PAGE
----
On Friday, November 10, a loud explosion sparked panic and delayed flights at the Orlando International Airport. However, officials later established that what most travellers thought was the sound of a gunshot was actually a lithium-ion battery that exploded inside of a bag of a passenger.
According to a statement that was made by Phil Brown of the Greater Orlando Aviation Authority, a passenger in the main terminal of the airport had a camera inside of their carry-on. The camera caught fire and started to smoke inside of the bag.
“Realizing this, the passenger of course immediately dropped the bag, and those around them moved away from it,” wrote Brown. “Emergency services arrived quickly and moved the bag farther away from passengers queued for security. Unfortunately, with all of the events occurring around the world, some witnesses panicked and self-evacuated the area dropping their carry-on luggage and knocking over the stanchions queueing the checkpoint. Others hearing the luggage being dropped, stanchions falling, and rapid movement mistook the sounds as gunfire, and within seconds a spontaneous evacuation of the main terminal occurred.”
Because of the incident, the TSA opted to have everyone rescreened at the airport, said Brown, including passengers that had already boarded and those who were waiting for flights. The process of rescreening prompted a delay that lasted for 2.5 hours through the majority of the airport, with the gate where the explosion took place not resuming normal activity for around four hours. According to local news outlets, the change caused 24 flights to be cancelled along with some delayed flights.
No injuries were reported while the bag with the camera started to smoulder.
The said incident happened after the TSA updated security measures with regards to electronics, demanding travellers to remove any types of electronics from their bags and have the items go through a separate process of screening. Only last month, the FAA published a report which recommended that any electronic device that is larger than a smartphone should be prohibited from checked bags.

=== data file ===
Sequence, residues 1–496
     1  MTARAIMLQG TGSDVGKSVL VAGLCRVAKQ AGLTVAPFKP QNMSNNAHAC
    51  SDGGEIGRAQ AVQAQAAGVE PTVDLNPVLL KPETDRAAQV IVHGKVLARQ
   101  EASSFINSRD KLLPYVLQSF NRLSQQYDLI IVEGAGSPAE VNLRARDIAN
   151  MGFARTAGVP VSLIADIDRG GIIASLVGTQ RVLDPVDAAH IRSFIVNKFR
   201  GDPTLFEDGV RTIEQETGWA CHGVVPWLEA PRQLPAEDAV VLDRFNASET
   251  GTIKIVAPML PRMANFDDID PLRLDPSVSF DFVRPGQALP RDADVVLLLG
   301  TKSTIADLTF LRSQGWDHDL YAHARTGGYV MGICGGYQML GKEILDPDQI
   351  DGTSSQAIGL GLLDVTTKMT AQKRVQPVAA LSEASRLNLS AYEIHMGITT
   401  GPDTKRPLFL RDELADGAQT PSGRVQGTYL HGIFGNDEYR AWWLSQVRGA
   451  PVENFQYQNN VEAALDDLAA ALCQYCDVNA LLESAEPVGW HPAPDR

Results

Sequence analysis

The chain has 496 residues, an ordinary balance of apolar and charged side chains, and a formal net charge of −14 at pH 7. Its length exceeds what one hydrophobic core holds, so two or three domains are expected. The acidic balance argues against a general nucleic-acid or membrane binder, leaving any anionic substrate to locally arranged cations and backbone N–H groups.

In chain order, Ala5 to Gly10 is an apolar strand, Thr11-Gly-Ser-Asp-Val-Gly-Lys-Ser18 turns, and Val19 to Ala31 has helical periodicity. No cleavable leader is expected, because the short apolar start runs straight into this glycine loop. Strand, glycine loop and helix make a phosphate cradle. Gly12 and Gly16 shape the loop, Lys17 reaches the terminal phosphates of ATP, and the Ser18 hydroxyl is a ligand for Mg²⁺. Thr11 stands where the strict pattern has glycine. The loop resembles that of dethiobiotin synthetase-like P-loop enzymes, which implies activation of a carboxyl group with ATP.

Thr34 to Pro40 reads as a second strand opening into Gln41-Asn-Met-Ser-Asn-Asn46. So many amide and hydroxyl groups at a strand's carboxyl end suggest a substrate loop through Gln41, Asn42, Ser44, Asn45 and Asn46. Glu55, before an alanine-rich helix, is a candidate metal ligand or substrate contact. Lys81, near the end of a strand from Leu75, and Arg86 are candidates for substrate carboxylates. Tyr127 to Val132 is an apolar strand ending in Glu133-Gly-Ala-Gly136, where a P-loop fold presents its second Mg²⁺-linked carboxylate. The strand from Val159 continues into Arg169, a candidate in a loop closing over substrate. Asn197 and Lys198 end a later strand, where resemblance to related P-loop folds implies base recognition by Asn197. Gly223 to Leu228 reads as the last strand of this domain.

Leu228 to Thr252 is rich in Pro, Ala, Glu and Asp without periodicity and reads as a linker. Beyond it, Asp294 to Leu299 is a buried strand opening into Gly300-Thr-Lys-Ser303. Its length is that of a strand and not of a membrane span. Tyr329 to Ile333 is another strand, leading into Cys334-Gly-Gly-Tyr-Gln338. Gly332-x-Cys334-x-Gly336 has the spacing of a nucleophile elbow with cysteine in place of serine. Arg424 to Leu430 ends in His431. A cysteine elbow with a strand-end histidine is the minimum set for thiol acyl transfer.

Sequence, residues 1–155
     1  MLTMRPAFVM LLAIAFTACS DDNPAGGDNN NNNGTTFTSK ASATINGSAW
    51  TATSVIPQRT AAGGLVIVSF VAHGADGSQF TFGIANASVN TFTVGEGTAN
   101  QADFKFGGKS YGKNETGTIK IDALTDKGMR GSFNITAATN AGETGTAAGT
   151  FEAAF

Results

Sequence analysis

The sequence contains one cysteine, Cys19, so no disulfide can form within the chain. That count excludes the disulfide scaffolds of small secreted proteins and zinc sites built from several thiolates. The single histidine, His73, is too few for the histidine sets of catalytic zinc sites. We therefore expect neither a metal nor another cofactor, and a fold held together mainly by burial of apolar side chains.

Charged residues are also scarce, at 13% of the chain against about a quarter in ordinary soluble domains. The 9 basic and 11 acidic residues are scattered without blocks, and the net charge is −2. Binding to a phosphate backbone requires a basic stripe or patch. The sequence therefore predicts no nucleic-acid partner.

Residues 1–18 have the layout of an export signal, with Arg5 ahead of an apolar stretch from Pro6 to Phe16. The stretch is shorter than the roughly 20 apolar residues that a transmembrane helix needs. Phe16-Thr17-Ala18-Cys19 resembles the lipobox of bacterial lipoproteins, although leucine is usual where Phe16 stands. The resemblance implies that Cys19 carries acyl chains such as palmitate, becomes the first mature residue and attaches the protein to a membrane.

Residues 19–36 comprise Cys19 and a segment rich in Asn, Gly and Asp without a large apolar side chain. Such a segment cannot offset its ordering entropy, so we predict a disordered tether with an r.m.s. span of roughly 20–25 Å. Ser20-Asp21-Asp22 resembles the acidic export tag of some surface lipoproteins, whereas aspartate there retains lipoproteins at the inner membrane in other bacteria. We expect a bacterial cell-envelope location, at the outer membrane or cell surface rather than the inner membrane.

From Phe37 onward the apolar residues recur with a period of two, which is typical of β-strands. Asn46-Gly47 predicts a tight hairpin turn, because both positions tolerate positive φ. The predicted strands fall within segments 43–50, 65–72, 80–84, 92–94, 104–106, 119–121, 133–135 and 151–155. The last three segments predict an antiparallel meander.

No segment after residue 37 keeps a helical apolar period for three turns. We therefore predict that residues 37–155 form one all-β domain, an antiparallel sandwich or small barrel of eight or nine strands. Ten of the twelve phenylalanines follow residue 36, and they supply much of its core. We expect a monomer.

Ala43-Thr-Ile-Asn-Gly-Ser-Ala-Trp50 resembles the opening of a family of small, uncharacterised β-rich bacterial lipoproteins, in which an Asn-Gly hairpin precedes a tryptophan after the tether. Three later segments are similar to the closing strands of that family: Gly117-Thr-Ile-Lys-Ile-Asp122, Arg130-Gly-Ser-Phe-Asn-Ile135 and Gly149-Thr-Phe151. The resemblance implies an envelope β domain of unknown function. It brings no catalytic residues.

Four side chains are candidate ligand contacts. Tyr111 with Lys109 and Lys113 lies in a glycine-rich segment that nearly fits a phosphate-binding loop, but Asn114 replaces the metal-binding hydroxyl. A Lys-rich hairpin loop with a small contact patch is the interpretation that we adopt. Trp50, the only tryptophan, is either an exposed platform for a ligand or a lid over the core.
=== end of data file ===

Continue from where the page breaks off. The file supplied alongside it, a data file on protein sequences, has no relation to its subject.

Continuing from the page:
According to the said report, batteries that are packed near items such as hairspray (even those that are below the eight-ounce limit) could start a fire. In a test of the FAA, packing a laptop next or nears nail polish remover, dry shampoo, rubbing alcohol, and hand sanitizer, all resulted in fires, with the dry shampoo starting a fire that could not be contained by fire prevention systems that are already installed in aircrafts. If the proposal is approved, electronics would be expected to be taken in carry-on luggage. The Orlando incident could deliver that proposal back into the spotlight.
The FAA already has a prohibition on uninstalled lithium-ion batteries that are kept inside of checked baggage. The FAA said that if a battery comes in contact with things that are made with metal like a coins, pair or keys, or the contact point on another battery, the battery can produce an unprotected circuit, thus generating extreme heat. Earlier in 2017, headphones of a passenger caught fire during a flight; a flight attendant managed to put out the fire using a bucket filled with water.